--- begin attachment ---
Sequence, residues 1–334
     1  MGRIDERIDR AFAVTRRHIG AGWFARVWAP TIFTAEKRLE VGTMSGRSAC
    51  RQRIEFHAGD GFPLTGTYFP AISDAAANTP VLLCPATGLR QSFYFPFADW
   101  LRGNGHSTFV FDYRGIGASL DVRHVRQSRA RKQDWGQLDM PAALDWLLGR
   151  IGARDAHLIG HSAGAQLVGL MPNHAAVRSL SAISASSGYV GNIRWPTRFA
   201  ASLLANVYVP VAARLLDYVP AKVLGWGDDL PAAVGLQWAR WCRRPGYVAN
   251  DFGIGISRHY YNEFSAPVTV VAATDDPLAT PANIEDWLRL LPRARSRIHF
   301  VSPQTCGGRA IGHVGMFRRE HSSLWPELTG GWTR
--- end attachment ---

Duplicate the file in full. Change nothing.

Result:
Sequence, residues 1–334
     1  MGRIDERIDR AFAVTRRHIG AGWFARVWAP TIFTAEKRLE VGTMSGRSAC
    51  RQRIEFHAGD GFPLTGTYFP AISDAAANTP VLLCPATGLR QSFYFPFADW
   101  LRGNGHSTFV FDYRGIGASL DVRHVRQSRA RKQDWGQLDM PAALDWLLGR
   151  IGARDAHLIG HSAGAQLVGL MPNHAAVRSL SAISASSGYV GNIRWPTRFA
   201  ASLLANVYVP VAARLLDYVP AKVLGWGDDL PAAVGLQWAR WCRRPGYVAN
   251  DFGIGISRHY YNEFSAPVTV VAATDDPLAT PANIEDWLRL LPRARSRIHF
   301  VSPQTCGGRA IGHVGMFRRE HSSLWPELTG GWTR